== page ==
Philippe Cousteau and his wife, Ashlan Gorse, are spearheading an effort to encourage youth to get involved in their communities to help ensure that everyone has access to clean air and water.
“What we really see is the power of young people, and what we’re all about is: ‘How do we inspire these people to be change agents and leaders today, not tomorrow?’” Phillippe says.
Starting with the youth
Through the organization’s Youth Leadership Council, people ages 15-22 are tasked with developing local environmental initiatives and then spreading the word to make that impact happen globally.
“We have a huge leadership council where we work with young people from around the world and provide training on how to take their advocacy to the next level,” says Phillippe. “We want to be a partner and not a controller to young people.”
He references one council member who launched a political campaign in Miami for solar panel installation, along with another in Australia who collaborated with an artist to repurpose and then sell plastic bags to donate back to the cause.
Spreading the word
The nonprofit has programs on workforce development in the STEM space and one of the world’s largest citizen-run water-quality programs. At the heart of EarthEcho’s mission, though, is conversation.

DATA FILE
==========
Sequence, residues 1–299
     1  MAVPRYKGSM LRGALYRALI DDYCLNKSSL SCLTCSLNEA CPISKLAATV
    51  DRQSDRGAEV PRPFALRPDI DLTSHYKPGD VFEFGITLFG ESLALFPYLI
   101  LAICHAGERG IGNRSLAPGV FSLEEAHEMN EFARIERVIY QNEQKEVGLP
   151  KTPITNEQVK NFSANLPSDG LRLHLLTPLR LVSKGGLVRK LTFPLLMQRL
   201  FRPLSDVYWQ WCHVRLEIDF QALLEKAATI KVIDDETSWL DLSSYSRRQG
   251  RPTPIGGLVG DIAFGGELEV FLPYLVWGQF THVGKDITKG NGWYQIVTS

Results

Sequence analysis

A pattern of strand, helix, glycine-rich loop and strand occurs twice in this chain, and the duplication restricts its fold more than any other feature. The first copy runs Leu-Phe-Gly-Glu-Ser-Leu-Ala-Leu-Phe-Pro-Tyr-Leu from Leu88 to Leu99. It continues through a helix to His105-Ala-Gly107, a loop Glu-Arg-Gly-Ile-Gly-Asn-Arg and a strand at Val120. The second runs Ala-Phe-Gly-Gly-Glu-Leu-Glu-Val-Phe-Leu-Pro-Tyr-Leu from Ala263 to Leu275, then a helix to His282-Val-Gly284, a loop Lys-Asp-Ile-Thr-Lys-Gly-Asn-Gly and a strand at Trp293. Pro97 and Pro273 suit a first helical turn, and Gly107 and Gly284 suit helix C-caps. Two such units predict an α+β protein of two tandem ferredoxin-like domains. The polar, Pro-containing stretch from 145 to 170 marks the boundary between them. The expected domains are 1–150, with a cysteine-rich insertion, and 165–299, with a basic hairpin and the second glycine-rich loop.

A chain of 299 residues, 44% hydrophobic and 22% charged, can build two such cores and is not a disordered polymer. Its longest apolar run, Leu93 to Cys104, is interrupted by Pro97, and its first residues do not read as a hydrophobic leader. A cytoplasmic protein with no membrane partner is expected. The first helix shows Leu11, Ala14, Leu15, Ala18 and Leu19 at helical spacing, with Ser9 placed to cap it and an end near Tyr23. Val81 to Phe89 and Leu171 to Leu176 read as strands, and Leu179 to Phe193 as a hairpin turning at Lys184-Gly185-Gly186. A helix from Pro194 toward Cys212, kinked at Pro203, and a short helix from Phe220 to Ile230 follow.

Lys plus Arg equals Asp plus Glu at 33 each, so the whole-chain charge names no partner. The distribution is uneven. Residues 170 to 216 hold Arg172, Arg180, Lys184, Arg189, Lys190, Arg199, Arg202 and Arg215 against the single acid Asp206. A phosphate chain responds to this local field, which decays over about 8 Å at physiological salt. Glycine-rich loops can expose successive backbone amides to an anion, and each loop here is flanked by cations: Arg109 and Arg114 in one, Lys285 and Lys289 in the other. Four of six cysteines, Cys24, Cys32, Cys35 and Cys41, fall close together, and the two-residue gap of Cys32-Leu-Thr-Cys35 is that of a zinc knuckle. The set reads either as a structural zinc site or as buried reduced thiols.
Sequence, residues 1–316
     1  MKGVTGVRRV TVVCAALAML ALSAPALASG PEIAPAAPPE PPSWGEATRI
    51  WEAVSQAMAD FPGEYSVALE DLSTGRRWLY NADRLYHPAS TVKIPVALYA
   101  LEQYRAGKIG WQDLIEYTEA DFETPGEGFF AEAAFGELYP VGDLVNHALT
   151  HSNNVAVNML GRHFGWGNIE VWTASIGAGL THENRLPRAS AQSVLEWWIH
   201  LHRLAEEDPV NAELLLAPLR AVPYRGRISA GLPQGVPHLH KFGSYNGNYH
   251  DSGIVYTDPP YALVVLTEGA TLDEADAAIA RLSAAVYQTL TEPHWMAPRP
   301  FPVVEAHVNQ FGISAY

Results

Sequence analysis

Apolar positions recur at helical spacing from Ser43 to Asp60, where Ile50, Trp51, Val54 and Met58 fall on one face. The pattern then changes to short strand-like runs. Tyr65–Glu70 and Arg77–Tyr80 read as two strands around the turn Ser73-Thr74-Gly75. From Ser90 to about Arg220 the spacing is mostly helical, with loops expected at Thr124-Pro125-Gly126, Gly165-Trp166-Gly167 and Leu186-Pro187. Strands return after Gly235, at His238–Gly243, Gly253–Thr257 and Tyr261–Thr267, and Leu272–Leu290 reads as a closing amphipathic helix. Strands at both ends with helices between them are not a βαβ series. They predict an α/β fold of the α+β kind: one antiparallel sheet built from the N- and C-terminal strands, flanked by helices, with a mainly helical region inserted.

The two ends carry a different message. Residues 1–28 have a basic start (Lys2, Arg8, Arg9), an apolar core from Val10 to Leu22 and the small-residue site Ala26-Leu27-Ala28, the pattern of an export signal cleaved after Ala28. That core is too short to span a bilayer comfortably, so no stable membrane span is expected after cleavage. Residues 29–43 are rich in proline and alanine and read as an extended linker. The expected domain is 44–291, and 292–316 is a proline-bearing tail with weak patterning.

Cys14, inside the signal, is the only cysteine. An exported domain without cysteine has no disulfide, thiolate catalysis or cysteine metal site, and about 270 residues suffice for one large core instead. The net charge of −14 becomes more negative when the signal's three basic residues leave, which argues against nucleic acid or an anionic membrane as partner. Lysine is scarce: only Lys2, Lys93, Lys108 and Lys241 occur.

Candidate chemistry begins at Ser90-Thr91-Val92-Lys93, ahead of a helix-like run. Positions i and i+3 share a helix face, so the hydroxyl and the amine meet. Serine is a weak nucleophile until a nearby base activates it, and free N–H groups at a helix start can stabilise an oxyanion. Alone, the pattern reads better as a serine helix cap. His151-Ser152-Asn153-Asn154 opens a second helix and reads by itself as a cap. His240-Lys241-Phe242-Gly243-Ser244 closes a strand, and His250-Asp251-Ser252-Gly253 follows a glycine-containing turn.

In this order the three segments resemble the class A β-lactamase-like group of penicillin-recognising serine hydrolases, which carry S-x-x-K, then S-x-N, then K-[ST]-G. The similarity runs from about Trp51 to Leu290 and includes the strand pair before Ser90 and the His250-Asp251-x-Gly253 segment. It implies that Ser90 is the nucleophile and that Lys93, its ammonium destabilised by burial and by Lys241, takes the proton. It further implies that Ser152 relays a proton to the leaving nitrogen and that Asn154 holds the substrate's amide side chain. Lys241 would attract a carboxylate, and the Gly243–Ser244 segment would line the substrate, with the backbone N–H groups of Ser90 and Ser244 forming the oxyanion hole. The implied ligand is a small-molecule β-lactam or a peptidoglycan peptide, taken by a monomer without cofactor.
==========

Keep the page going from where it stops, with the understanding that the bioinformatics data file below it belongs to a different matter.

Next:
“It’s really important that we look to stop talking [only] amongst people who care about the environment, but also talk to those people who’ve never recycled or gone to the beach,” Ashlan says. “Talk to those people who voted against the environment, and get them engaged, because at the end of the day, this affects all of us. And when we can diversify the groups that talk about it, that’s when well really see change.”
Regardless of your age or how much you recycle, the Cousteaus say the understanding that every action counts is key.
“Every product you buy, every vote you cast — it all makes a difference,” Ashlan says.
Philippe adds, “Clean water and clean, healthy air are not givens that we can take for granted. We need to come together to solve these issues.”
Melinda Cartensen, [email protected]